Tournament Strategy – Recovering From Your Small Chipstack
Every tournament player will need to deal with a small stack at some point – whether caused by losing a big pot or simply a cold run of cards. Strategy for recovering from your small stack depends on many factors including the stage of the tournament and the tendencies of your opponents. This article looks at some key strategy tips to help you recover from a small stack and get back into the tournament again.
We will start by noting that not all small stacks are equal, introducing the concept of ‘fold-equity’ against opponents with various stack sizes. Next the disaster of ‘blinding away’ is looked at and the steps you must take to avoid this. Finally some more advanced moves such as the ‘stop and go’ and the role of ‘dead money’ in the pot are covered.
Losing half of your stack in the very early rounds of a poker tournament can seem like a disaster – but it is not. While the blinds are small then having 30 big blinds instead of 100 (for example) actually still leaves you some flexibility in your play. You will be able to see flops and re-raise opponents when required. If you become small stacked early then time is often on your side, the best strategy here can be to continue playing as if your initial stack was in place and take positive expectation situations as they arise.
During the middle stages of a poker tournament becoming short-stacked is more of a problem. With only 5 to 8 big blinds you are restricted to a single ‘move’ – all-in with any hand you wish to play. The reason for this is that you would be forced to call any re-raise from an opponent when you enter a pot – since you would be receiving huge pot-odds for your call. If you need to call a re-raise anyway then it makes more sense to get the maximum ‘value’ from your remaining chips by pushing all of your chips in first. Ensuring that opponents in the blinds would lose 30% of their stack if they lose the hand will further increase your leverage.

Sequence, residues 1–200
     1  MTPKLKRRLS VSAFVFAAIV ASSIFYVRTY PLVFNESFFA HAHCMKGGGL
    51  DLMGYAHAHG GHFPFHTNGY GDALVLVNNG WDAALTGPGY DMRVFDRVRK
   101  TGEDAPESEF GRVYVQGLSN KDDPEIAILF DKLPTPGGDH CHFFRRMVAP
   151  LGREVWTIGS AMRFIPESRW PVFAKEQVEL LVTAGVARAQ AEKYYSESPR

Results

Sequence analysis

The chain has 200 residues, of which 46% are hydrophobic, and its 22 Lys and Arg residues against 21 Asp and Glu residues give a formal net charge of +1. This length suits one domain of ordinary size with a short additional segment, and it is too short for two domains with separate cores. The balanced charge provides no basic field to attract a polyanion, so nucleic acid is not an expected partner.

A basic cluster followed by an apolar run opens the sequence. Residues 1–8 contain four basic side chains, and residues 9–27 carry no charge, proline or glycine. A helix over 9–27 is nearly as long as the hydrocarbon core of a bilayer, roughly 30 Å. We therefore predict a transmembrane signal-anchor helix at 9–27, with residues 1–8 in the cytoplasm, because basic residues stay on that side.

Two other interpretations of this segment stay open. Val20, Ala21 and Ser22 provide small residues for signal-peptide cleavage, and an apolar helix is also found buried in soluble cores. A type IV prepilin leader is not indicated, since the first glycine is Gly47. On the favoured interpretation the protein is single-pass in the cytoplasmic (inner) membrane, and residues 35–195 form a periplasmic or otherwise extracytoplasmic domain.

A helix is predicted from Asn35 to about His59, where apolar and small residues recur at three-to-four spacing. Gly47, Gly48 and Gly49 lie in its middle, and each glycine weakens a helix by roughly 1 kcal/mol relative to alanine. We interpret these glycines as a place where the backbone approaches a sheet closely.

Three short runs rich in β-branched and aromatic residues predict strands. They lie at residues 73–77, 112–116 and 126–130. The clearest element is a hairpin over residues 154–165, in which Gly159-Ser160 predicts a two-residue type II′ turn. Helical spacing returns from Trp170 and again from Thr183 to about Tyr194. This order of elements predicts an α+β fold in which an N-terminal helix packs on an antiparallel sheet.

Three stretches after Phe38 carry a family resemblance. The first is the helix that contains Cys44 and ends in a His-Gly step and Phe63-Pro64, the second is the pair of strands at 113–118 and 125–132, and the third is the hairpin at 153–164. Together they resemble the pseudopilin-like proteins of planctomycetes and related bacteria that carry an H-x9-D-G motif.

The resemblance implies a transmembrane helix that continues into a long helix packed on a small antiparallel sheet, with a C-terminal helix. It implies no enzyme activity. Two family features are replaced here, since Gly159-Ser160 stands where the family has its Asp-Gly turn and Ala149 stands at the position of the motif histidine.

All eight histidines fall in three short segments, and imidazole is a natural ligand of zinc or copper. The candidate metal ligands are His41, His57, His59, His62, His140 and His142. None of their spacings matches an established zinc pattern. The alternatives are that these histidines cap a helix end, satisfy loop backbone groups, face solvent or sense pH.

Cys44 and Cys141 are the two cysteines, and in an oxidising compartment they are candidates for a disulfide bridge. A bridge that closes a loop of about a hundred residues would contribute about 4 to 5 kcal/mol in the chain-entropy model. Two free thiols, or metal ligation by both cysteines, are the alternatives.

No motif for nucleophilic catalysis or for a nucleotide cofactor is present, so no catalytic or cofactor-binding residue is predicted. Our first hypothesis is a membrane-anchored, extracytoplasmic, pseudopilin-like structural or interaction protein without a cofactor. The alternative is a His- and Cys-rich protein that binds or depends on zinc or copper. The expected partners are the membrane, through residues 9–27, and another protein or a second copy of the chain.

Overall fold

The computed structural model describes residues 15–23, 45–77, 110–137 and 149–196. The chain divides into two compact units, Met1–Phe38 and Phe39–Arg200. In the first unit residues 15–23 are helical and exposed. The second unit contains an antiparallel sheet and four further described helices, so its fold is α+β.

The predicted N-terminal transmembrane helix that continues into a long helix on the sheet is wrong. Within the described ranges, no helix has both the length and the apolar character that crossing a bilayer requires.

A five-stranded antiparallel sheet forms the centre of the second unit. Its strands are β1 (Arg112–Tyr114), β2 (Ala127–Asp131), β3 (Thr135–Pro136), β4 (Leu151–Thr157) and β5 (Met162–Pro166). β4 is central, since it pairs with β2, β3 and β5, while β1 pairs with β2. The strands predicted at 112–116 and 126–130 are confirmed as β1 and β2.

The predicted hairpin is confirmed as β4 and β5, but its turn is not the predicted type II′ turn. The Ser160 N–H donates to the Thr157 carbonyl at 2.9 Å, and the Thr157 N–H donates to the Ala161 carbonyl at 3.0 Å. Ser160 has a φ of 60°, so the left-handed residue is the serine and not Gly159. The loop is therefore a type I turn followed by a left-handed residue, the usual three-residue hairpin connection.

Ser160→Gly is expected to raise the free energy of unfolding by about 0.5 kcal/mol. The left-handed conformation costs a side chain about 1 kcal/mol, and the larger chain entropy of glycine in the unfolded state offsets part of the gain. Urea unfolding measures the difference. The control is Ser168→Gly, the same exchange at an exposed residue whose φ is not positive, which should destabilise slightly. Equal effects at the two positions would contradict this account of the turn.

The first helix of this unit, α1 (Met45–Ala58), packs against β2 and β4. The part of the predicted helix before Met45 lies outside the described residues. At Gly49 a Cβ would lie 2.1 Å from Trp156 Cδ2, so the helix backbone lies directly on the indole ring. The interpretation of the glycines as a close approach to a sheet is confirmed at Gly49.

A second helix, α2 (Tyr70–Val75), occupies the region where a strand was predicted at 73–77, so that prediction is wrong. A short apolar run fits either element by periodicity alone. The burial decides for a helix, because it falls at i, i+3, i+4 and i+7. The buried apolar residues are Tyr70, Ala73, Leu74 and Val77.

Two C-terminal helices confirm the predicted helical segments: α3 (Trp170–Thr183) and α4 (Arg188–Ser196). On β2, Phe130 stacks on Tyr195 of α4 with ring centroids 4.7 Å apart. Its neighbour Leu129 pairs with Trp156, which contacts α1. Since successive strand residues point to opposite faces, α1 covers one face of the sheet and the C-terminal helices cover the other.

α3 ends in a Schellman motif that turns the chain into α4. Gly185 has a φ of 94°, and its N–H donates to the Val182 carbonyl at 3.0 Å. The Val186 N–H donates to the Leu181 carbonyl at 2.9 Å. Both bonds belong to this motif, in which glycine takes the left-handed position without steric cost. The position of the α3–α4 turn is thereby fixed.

With a short stack at the bubble you will need to make a decision as to whether doubling up will give you a viable chance of moving up the money. For example with just 2 blinds the answer is probably no. With 7 blinds then it is possible to make a comeback – and to damage the stacks of opponents, here positive aggressive play will bring the most money over time.
Blinding away is a disaster for a small stack and must be avoided at all costs. Even with 4 to 5 blinds you still retain some ability to get your opponents to fold. Use this while you still have – pushing 2 random cards will usually give you a 35% or so chance of doubling up even those times you are called. This is far better than losing any remaining fold equity by playing too tight.
When in the blinds and holding a medium to weak hand such as A-8 or 7-7 a situation can arise where you can use the ‘stop-and-go’ to give yourself 2 ways to win the pot. With a raiser ahead and a small stack then re-raising would guarantee a call (due to the pot-odds). Instead you can call the bet and then push the remainder of your stack on any flop. Even if your opponent folds just 20% of the time (after completely missing) then you have given yourself an extra way to stay in the tournament.
Finally, dead money in the pot can create an opportunity to get chips when you have a micro-stack. For example, with 2 blinds left you see 2 limpers ahead and hold a weak hand such as K-10. Here you can push all-in when not in the blinds. The limpers will call and you may possibly benefit from the bigger stacks betting against each other after the flop – even if you only win 35% of the time here, the extra chips from the blinds and limpers will mean you can increase your stack 4 times, giving you a positive expectation situation.
To summarize, recovering from your short stack requires awareness of the stage of the tournament you are in. The key element is fold-equity and to make sure you retain at least some ability to win the pot without a showdown. Push all-in where you would need to call a re-raise as this gets maximum value from your remaining chips. Finally, never give up!
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